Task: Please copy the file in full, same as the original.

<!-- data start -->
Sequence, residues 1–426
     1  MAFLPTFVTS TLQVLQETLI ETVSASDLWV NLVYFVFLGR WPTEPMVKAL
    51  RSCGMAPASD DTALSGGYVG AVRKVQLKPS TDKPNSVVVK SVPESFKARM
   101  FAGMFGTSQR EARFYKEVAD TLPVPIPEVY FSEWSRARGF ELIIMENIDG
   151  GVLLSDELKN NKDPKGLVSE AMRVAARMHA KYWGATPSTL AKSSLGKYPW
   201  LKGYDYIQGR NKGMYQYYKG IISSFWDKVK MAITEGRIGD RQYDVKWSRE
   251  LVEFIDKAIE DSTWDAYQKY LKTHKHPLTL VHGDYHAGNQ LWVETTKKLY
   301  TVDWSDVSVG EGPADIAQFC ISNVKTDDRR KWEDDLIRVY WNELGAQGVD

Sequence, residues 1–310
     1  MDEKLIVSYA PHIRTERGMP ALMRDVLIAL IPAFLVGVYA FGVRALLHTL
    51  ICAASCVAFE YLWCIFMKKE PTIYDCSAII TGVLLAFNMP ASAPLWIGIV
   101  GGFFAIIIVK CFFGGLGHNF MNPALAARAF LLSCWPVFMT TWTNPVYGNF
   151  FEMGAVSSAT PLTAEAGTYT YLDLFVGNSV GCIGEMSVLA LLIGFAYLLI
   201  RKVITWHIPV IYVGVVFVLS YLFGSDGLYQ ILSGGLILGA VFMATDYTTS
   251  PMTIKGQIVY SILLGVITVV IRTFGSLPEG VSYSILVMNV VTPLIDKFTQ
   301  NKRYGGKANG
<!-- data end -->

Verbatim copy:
Sequence, residues 1–426
     1  MAFLPTFVTS TLQVLQETLI ETVSASDLWV NLVYFVFLGR WPTEPMVKAL
    51  RSCGMAPASD DTALSGGYVG AVRKVQLKPS TDKPNSVVVK SVPESFKARM
   101  FAGMFGTSQR EARFYKEVAD TLPVPIPEVY FSEWSRARGF ELIIMENIDG
   151  GVLLSDELKN NKDPKGLVSE AMRVAARMHA KYWGATPSTL AKSSLGKYPW
   201  LKGYDYIQGR NKGMYQYYKG IISSFWDKVK MAITEGRIGD RQYDVKWSRE
   251  LVEFIDKAIE DSTWDAYQKY LKTHKHPLTL VHGDYHAGNQ LWVETTKKLY
   301  TVDWSDVSVG EGPADIAQFC ISNVKTDDRR KWEDDLIRVY WNELGAQGVD

Sequence, residues 1–310
     1  MDEKLIVSYA PHIRTERGMP ALMRDVLIAL IPAFLVGVYA FGVRALLHTL
    51  ICAASCVAFE YLWCIFMKKE PTIYDCSAII TGVLLAFNMP ASAPLWIGIV
   101  GGFFAIIIVK CFFGGLGHNF MNPALAARAF LLSCWPVFMT TWTNPVYGNF
   151  FEMGAVSSAT PLTAEAGTYT YLDLFVGNSV GCIGEMSVLA LLIGFAYLLI
   201  RKVITWHIPV IYVGVVFVLS YLFGSDGLYQ ILSGGLILGA VFMATDYTTS
   251  PMTIKGQIVY SILLGVITVV IRTFGSLPEG VSYSILVMNV VTPLIDKFTQ
   301  NKRYGGKANG